'Bad idea': Pessimism over outcome as Pakistan formally okays talks with local Taliban
- Parliamentary Committee on National Security on Tuesday formally approved negotiations with TTP militants
- TTP extended cease-fire indefinitely after talks with Pakistani tribal elders mediated by Afghan Taliban in June
ISLAMABAD: Experts this week called holding negotiations with local Taliban militants “the only solution” for the government to end militancy in the country but many were skeptical about whether the process would lead to a positive outcome after having failed in the past.
The Pakistani Taliban — known as the Tehreek-e-Taliban Pakistan (TTP) — has carried out some of the bloodiest attacks inside Pakistan since 2007, including a 2014 assault on a school in which 134 students were killed. The group is not directly affiliated with the Afghan Taliban, but pledges allegiance to them.
Pakistan has since 2007 carried out a number of military operations against the TTP, but, despite reducing the militant group’s footprint, with most fighters fleeing to neighboring Afghanistan, it has not been able to fully stop attacks, which had begun to rise again along its western border in recent months.
On June 4, the TTP extended a cease-fire with the government for an indefinite period, after two-day talks with a delegation of Pakistani tribal elders facilitated by the Afghan Taliban, who head the government in Kabul since US-led forces withdrew last year.
This week, Prime Minister Shehbaz Sharif chaired an in-camera meeting in Islamabad attended by over 100 lawmakers and officials to deliberate on talks with the Pakistani Taliban. The Parliamentary Committee on National Security subsequently gave its formal approval to hold the talks and also set up a parliamentary committee to oversee the process and ensure it was carried out within the ambit of the constitution.
Pakistan media has widely reported that at the heart of talks is an offer to accommodate the TTP with a safe passage back to Pakistan from Afghanistan in exchange for the group agreeing to a long-term cease-fire, dissolving its organization and possibly even joining mainstream politics.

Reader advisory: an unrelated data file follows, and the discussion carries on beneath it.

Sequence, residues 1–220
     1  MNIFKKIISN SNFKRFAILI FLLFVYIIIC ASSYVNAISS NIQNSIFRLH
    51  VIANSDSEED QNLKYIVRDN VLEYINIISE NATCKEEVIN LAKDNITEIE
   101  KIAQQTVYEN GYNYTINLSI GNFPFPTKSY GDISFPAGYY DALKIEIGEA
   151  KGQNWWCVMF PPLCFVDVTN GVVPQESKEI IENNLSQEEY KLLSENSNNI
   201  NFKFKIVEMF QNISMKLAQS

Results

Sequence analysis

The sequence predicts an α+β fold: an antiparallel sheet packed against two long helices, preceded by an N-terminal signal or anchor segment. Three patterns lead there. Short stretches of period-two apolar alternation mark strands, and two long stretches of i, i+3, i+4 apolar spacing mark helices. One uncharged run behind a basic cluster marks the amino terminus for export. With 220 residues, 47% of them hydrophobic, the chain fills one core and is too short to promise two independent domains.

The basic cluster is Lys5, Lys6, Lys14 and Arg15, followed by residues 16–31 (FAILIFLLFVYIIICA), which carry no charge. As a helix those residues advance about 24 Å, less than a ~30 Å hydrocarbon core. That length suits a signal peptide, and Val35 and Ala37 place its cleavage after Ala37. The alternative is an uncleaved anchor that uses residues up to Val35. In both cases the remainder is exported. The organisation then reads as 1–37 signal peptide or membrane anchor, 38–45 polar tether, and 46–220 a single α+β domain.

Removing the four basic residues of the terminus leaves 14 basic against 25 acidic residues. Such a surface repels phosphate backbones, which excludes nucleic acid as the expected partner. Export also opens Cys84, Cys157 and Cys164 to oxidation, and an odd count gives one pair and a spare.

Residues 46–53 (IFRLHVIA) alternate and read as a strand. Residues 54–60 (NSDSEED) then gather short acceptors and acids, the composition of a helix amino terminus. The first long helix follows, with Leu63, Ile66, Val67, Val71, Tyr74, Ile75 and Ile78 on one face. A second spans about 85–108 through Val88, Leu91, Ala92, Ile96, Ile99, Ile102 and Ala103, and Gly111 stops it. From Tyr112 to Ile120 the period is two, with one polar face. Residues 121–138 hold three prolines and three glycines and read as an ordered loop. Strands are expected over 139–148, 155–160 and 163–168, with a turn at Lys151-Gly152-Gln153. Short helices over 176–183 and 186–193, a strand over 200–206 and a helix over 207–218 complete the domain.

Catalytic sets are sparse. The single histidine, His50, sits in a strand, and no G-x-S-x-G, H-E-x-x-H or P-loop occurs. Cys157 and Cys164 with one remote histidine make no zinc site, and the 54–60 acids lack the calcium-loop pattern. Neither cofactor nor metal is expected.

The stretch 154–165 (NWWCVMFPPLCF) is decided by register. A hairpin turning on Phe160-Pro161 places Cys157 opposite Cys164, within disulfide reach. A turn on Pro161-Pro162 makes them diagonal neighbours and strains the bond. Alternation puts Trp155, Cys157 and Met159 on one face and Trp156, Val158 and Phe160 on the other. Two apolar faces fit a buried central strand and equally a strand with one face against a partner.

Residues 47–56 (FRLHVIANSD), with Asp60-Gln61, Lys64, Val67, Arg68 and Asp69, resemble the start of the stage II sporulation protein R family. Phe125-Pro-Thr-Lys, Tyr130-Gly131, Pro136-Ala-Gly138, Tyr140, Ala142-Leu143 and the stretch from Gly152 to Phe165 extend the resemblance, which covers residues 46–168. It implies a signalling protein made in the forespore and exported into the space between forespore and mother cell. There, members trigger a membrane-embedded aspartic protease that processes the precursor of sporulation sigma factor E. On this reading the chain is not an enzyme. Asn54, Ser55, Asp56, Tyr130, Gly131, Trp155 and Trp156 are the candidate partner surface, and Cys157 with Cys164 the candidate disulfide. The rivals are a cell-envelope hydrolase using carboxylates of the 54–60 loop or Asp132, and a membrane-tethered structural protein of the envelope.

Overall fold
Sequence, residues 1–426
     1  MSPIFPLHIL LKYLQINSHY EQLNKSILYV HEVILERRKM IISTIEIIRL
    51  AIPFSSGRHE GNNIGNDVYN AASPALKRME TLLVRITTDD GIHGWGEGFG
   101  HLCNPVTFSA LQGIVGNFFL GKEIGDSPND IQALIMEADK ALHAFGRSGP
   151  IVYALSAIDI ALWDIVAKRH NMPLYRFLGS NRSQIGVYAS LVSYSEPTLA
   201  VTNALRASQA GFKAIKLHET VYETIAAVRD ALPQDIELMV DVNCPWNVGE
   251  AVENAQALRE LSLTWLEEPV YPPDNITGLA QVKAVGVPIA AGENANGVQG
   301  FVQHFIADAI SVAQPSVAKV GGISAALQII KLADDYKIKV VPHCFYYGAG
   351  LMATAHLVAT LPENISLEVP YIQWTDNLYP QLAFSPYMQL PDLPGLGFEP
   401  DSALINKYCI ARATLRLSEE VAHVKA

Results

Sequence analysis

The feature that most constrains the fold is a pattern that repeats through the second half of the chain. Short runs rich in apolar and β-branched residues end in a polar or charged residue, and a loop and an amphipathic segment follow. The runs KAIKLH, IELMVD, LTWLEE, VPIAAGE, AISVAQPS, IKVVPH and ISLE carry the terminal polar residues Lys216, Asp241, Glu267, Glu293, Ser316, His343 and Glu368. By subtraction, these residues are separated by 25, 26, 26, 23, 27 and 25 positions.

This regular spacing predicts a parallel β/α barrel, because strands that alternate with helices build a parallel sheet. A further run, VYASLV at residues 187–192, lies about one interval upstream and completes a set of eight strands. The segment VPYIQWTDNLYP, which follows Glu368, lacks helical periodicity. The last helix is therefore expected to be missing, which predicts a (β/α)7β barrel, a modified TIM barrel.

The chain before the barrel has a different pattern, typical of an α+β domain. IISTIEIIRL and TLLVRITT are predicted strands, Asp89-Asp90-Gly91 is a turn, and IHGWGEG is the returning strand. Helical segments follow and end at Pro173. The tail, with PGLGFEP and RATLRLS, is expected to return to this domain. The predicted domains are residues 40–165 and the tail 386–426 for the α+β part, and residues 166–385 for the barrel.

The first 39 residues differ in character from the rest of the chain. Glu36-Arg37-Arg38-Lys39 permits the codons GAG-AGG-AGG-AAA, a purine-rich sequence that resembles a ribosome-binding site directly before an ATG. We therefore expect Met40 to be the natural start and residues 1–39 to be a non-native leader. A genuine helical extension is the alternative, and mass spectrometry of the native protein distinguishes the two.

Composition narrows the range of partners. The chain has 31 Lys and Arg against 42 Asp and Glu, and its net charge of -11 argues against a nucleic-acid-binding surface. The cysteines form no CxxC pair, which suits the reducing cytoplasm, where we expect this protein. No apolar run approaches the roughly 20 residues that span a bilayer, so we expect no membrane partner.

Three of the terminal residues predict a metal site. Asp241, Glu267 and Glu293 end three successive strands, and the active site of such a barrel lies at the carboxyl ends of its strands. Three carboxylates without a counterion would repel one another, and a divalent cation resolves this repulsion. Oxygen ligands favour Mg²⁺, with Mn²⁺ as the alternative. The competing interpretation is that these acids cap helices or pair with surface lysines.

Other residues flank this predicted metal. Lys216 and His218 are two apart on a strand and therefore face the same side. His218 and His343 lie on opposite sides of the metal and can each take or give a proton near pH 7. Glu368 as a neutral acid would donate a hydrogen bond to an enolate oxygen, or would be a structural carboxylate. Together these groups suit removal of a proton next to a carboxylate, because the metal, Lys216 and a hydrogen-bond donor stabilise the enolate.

“Pakistan wants to do it [talks] because the militancy problem is not over and they have realized that the only solution to this problem is that local Taliban should be integrated into the mainstream,” Rustam Shah Mohmand, a former Pakistani ambassador to Kabul, told Arab News on Wednesday.
“Because for how long can military operations go on?”
Though the Afghan Taliban were brokering talks with the TTP as they had to uphold an international obligation not to let any militants use Afghan soil to attack another country, Mohmand said the Kabul government also did not want to push the TTP forcibly to come to the table or agree to a deal.
Afghan Taliban leaders have in the past openly praised the TTP for its contributions to the insurgency against the United States and the former Afghan government, and hinted that it can’t abandon the Pakistani affiliate.
“Afghan Taliban are the facilitators and they are playing this role because for some time TTP fighters fought with them in Afghanistan,” Mohmand added. “But if they [Afghan Taliban] will force them toward Pakistan, then TTP will blame them for their arrests [in Pakistan].”
Speaking about the main demands of the militant group, the diplomat said the TTP wanted a resolution of the issue of missing persons, compensation for losses caused to them during military operations, and for Pakistan to scrap a 2018 law that did away with the semi-independent status of the former tribal regions, FATA, that dates back to British colonial rule.
The TTP also wants a substantial reduction of Pakistani military forces from the former tribal areas, which border Afghanistan and where the group was mostly harboring before being driven out through military operations.
“Government will not accept the revival of the tribal system as it requires a constitutional amendment,” Mohmand said. “Also, there is little hope on missing persons, so in reality, they can only move forward on the compensation issue.”
Abdul Basit Khan, a research fellow at the Singapore-based S. Rajaratnam School of International Studies, said the government’s negotiations with the TTP were a “sensible move” to reduce violence in Pakistan’s border regions.
“Pakistan wants to reduce violence and they have achieved it as due to the cease-fire, attacks have already gone down,” Khan told Arab News, adding that there was “no military solution” to the TTP problem.
“Parliamentary committee on national security has taken a clear position that only those demands which fall within the Pakistani constitutional framework will be accepted and any demand contradictory to it will not be accepted, such as reversal of FATA merger,” Khan said. “And TTP will also not be allowed to keep arms even if it is repatriated to Pakistan.”
Former diplomat, Ayaz Wazir, supported the talks but was skeptical there could be “permanent solution” unless the people of the former tribal regions were included in the decision-making process.